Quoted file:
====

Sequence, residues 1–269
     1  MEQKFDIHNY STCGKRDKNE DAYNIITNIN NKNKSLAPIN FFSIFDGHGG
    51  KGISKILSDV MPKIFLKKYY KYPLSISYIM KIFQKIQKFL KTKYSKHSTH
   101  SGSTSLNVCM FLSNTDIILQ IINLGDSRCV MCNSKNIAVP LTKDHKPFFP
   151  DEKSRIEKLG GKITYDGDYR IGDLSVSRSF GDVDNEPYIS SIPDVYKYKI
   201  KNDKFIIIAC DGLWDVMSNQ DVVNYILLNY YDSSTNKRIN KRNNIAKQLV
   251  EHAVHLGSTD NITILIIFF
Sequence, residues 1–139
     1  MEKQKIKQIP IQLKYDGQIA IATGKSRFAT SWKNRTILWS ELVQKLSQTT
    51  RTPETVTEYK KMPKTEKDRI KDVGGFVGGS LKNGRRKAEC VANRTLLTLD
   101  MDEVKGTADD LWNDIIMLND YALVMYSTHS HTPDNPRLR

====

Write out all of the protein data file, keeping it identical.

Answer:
Sequence, residues 1–269
     1  MEQKFDIHNY STCGKRDKNE DAYNIITNIN NKNKSLAPIN FFSIFDGHGG
    51  KGISKILSDV MPKIFLKKYY KYPLSISYIM KIFQKIQKFL KTKYSKHSTH
   101  SGSTSLNVCM FLSNTDIILQ IINLGDSRCV MCNSKNIAVP LTKDHKPFFP
   151  DEKSRIEKLG GKITYDGDYR IGDLSVSRSF GDVDNEPYIS SIPDVYKYKI
   201  KNDKFIIIAC DGLWDVMSNQ DVVNYILLNY YDSSTNKRIN KRNNIAKQLV
   251  EHAVHLGSTD NITILIIFF
Sequence, residues 1–139
     1  MEKQKIKQIP IQLKYDGQIA IATGKSRFAT SWKNRTILWS ELVQKLSQTT
    51  RTPETVTEYK KMPKTEKDRI KDVGGFVGGS LKNGRRKAEC VANRTLLTLD
   101  MDEVKGTADD LWNDIIMLND YALVMYSTHS HTPDNPRLR